After news of RBC's outsourcing of jobs caused a nationwide outcry, one small Alberta town said it depends on foreign workers to fill jobs that Canadians refuse.
In Rocky Mountain House, a town in central Alberta, business owner Nikki Searth said she relies on the program because she has trouble finding a student who will accept an $11-an-hour cashier job.
According to Searth, it wasn't always so."Our ethics have changed with work. I know when I was younger everybody had a job," she told CTV News. "I find today it's not the case."
The turning point for town was the oil boom of 2007, after which it became hard to compete with the lure of a six-figure salary.
"A lot of businesses scaled back the hours, a lot of them were shutting days they weren't before. And owners were back in the kitchens," Donald Verhesen, a town councilmember, said.
Today there are "quite a few foreign workers in Rocky," one resident told CTV News.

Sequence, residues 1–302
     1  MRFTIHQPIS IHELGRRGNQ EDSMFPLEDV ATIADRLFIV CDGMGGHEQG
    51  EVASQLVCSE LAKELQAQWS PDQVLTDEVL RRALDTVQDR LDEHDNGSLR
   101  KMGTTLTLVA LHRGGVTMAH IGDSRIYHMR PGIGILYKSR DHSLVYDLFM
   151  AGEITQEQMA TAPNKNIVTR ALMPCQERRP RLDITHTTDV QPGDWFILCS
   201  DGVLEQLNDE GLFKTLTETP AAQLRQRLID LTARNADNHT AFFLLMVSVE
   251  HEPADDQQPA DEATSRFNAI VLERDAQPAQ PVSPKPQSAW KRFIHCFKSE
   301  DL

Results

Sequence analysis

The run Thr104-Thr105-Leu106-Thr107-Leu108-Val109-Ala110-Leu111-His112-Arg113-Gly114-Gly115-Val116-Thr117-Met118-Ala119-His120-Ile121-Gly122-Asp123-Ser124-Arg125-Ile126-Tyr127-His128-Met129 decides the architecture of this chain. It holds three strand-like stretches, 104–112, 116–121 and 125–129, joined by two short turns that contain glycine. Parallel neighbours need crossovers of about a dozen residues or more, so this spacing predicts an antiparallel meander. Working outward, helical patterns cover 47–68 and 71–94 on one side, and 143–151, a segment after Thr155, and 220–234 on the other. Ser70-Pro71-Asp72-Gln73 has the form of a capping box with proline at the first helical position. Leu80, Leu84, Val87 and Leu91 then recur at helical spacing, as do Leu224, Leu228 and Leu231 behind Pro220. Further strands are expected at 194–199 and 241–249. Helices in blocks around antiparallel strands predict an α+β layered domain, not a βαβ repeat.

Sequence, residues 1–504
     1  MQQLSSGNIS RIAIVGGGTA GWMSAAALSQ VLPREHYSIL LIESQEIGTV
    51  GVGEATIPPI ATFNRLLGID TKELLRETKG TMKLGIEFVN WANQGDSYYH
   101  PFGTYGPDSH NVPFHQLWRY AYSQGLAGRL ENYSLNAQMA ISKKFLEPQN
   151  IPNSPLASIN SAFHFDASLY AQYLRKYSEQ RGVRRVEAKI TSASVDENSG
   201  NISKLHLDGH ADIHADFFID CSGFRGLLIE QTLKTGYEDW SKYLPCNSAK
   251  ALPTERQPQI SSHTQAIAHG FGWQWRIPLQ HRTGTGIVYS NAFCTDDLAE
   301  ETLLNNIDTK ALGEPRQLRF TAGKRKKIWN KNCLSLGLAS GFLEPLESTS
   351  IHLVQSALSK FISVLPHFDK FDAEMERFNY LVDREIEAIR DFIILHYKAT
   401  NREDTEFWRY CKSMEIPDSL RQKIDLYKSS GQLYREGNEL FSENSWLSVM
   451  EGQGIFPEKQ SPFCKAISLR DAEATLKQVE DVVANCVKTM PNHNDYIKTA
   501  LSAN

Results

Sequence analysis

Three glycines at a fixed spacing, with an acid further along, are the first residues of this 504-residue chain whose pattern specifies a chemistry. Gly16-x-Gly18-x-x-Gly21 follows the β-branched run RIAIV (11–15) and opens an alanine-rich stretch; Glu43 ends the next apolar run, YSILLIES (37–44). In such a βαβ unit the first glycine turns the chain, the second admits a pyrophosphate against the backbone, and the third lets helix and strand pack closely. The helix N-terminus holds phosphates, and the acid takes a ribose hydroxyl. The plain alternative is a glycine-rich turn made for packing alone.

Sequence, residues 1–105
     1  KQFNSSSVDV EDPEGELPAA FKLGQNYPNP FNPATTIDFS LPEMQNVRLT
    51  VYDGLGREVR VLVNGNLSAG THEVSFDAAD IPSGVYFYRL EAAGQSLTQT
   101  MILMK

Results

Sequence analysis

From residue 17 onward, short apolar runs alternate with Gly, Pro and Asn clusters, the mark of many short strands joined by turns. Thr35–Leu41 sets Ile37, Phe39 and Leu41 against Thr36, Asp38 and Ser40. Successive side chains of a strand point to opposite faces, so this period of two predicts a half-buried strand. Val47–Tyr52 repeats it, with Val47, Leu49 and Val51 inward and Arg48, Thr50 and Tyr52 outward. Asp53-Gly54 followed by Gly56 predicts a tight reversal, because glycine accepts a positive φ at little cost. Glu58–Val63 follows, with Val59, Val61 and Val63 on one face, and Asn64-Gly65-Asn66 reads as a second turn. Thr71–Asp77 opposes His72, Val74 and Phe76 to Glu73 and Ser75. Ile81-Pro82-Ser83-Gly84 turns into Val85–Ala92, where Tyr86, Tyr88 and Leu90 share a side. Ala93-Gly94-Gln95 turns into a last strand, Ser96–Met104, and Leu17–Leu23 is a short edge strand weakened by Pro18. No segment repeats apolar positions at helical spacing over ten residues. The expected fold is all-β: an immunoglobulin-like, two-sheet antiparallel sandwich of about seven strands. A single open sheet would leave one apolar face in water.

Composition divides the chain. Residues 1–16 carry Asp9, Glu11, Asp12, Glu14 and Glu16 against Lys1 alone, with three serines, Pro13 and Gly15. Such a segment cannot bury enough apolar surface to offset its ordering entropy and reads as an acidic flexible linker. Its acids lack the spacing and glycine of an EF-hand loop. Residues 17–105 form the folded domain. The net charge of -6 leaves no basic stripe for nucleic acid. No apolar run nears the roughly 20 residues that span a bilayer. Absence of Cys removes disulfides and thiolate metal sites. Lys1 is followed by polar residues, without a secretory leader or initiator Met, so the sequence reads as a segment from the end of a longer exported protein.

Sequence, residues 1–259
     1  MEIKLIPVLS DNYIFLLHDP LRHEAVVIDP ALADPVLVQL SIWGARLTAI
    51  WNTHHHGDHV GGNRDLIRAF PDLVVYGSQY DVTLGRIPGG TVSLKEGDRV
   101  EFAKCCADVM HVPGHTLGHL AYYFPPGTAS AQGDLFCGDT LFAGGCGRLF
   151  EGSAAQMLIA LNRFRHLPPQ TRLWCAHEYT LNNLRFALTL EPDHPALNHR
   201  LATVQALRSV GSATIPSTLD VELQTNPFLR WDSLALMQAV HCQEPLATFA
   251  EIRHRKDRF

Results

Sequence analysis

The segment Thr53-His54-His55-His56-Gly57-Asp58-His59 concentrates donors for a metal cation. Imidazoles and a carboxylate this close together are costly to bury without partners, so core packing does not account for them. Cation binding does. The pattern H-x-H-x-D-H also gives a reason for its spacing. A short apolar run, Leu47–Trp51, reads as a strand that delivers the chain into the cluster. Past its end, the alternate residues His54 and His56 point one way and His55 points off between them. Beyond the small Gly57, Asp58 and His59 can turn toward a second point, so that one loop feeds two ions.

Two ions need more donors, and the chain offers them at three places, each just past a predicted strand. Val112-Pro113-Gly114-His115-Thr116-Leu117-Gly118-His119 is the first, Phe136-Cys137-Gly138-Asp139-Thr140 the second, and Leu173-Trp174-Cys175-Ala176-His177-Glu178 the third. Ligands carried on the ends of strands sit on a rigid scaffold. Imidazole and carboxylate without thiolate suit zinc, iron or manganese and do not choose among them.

"I know the Burger Baron in the town close to here is getting foreign workers, because you just can't get anyone to work," she said.
In fact, out of the 340,000 temporary foreign workers currently in the country, 85,000 are in Alberta, more than any other province.
To labour unions, that is far too many.
"This is not the way you build a country, but it is the way you break a labour market and drive down wages and conditions," Gill McGowan of the Alberta Federation of Labour said.
However, there are fears from the industry about changes to the foreign worker program.
The tourism association in particular relies heavily on foreign workers.
In a letter to several ministers Friday, the association warned that changes to the program could hurt the $84.8 billion industry.
Rocky Mountain House residents also fear what would happen to the town if there were no temporary foreign workers available to fill jobs.
"It would be shut down because there are not enough young people to work in these places," one resident said.
CTV News, Friday Apr 12 2013
With a report by CTV Daniele Hamamdjian